The Consequences of Mineral Deficiencies and How to Avoid Them

Mineral deficiencies can have a wide range of negative effects on your health, from weak bones to a weakened immune system. Calcium, vitamin D, potassium, iron, vitamin B12, and magnesium are all essential minerals that your body needs to function properly. A lack of any of these minerals can lead to serious health issues. Calcium is especially important for keeping bones strong and controlling muscle and nerve function, according to the National Institutes of Health (NIH).

Most adults need 1,000 milligrams (mg) of calcium per day, although women over 50 and men over 70 need 1200 mg, according to the Mayo Clinic. Dairy products like milk and yogurt are great sources of calcium, but if you don't like dairy, you can find this nutrient in calcium-fortified orange juice or breakfast cereals (check the food's nutrition label to see if calcium has been added) and in dark leafy vegetables such as kale and broccoli. Vitamin D is another essential nutrient for bone health and may also help prevent certain types of cancer, according to the Cleveland Clinic. A deficiency in vitamin D can cause fatigue, bone pain, mood swings, and muscle aches or weakness.

Natural sources of vitamin D include fatty fish such as salmon and tuna, fortified milk and orange juice, egg yolks, and mushrooms. Potassium is important for muscle function and nerve transmission. You could have low potassium levels in the short term due to diarrhea or vomiting, excessive sweating, antibiotics, laxatives or diuretics, excessive alcohol consumption, or because of a chronic condition such as kidney disease. Symptoms of a deficiency include muscle weakness, contractions or cramps; constipation; tingling and numbness; and abnormal heart rate or palpitations.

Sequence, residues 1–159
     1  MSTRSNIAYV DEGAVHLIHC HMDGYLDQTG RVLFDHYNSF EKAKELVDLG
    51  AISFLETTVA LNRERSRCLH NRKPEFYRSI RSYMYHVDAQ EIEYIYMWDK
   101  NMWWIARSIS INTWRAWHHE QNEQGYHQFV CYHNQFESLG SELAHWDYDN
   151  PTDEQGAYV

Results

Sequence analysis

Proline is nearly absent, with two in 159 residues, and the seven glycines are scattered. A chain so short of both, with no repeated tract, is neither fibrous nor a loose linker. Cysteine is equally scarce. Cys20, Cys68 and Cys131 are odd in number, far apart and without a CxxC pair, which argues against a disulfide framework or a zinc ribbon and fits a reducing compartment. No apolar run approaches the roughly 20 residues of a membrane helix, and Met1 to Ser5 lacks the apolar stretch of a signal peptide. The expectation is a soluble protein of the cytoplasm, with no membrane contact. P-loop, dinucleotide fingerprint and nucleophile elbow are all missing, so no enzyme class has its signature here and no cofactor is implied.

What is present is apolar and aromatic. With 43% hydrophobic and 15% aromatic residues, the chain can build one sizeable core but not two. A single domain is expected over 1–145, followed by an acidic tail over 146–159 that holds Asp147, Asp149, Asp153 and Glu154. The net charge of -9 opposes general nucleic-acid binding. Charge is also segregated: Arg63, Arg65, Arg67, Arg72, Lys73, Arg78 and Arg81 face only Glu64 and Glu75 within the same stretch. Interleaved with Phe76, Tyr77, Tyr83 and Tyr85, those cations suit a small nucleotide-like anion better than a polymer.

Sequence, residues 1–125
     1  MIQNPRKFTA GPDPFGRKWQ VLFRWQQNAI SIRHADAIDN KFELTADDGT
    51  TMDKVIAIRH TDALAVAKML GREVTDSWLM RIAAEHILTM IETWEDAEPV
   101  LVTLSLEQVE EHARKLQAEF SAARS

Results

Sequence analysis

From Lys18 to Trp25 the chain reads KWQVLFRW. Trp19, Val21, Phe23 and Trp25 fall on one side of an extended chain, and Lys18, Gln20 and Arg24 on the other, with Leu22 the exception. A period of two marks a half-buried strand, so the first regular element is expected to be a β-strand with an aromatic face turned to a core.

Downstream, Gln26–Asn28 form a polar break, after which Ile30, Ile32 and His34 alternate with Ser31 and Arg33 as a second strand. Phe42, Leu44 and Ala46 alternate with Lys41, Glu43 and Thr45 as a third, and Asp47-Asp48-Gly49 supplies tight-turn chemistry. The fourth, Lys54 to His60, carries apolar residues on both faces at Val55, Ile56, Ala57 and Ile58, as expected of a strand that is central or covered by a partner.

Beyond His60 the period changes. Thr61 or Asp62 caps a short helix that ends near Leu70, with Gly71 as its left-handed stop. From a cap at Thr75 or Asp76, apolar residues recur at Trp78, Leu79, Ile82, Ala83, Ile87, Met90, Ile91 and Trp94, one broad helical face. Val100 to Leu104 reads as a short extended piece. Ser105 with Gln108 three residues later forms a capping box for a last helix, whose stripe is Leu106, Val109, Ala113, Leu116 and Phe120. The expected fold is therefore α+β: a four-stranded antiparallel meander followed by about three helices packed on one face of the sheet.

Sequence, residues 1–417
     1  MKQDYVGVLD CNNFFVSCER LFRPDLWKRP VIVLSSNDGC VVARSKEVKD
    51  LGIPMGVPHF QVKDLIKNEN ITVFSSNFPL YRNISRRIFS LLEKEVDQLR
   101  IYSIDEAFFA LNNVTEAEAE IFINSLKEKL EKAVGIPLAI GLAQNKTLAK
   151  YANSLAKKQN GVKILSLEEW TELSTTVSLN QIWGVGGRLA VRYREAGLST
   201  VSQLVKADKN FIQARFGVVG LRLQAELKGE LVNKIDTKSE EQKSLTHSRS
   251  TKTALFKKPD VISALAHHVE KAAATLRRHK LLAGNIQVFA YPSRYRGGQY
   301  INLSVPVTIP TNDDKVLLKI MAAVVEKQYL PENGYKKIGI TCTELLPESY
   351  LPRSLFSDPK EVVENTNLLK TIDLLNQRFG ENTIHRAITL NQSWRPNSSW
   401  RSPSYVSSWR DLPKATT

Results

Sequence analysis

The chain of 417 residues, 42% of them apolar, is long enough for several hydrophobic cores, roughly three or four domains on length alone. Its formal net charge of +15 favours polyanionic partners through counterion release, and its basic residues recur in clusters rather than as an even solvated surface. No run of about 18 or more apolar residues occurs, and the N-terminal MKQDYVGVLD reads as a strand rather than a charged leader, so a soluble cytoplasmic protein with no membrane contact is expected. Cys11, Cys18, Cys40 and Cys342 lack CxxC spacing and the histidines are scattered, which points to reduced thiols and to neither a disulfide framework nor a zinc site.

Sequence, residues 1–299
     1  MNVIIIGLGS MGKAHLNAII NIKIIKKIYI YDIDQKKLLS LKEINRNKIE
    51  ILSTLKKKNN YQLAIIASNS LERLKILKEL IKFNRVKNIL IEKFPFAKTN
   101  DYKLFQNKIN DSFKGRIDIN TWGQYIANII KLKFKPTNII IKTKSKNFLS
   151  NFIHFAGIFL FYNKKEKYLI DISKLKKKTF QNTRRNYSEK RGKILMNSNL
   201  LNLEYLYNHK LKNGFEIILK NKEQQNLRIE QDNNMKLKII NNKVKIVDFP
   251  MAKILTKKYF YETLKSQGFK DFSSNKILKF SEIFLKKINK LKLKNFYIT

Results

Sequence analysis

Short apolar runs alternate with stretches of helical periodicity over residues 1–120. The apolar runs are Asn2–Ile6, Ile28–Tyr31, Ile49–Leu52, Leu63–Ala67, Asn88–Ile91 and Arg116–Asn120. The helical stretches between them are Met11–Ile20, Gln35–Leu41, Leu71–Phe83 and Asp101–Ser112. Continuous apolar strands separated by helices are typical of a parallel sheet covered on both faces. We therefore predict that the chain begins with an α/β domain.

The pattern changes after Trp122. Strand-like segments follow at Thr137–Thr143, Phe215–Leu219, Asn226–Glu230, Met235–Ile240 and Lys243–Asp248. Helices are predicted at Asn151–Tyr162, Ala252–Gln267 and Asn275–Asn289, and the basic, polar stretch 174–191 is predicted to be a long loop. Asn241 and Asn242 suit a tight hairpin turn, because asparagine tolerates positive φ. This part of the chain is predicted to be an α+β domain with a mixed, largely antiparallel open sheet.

Natural sources of potassium include bananas, milk, acorn squash, lentils and red beans, and other legumes. Adult men need 3,400 mg per day and women need 2,600 mg. Iron is essential for energy production and transporting oxygen throughout your body. To increase iron levels, Patton recommends eating iron-fortified cereals, beef, oysters, beans (especially lima, white beans, and red beans), lentils, and spinach. Adult men and women over 50 need 8 mg per day, and adult women under 50 need 18 mg a day. Vitamin B12 helps the production of red blood cells and DNA as well as improving neurotransmitter function.

Vegetarians and vegans may be at special risk of suffering from vitamin B12 deficiency because plants don't produce the nutrient. People who have undergone weight-loss surgery may also lack vitamin B12 because the procedure makes it difficult for the body to extract the nutrient from food. Symptoms of severe B12 deficiency include numbness in the legs, hands or feet; problems walking and maintaining balance; anemia; fatigue; weakness; a swollen tongue; memory loss; difficulty thinking; and more. Magnesium helps maintain bone health and helps energy production. Adults need between 310 and 420 mg depending on gender and age according to the NIH.

While deficiency is fairly rare in otherwise healthy people certain medications (including some antibiotics and diuretics) and health problems (such as type 2 diabetes and Crohn's disease) can limit magnesium absorption or increase the loss of this nutrient from the body. If you suddenly find locks of hair on your pillow or in the shower drain it could be a sign of more serious problems such as low iron levels or thyroid disease. The good news is that you can eliminate mineral deficiencies with supplements. Healthy adults should ingest 2.4 mg of B12 per day; 8 mg for men over 18 years of age and 18 mg for women; 600 IU (800 IU for adults age 71 and older) of vitamin D; 1 000 mg of calcium daily from food sources and supplements; 3 400 mg per day for adult men or 2 600 mg for adult women of potassium, 8 mg for men over 18 years of age or 18 mg for women under 50 years old of iron, 310-420 mg depending on gender and age according to the NIH of magnesium. Mineral deficiency is the lack of dietary minerals which are micronutrients needed for proper health. The cause may be a poor diet poor absorption of minerals consumed or a dysfunction in how minerals are used by the body after absorption. These deficiencies can cause many disorders such as anemia goiter zinc deficiency iron deficiency magnesium deficiency etc.

Bob Enderlin
Bob Enderlin

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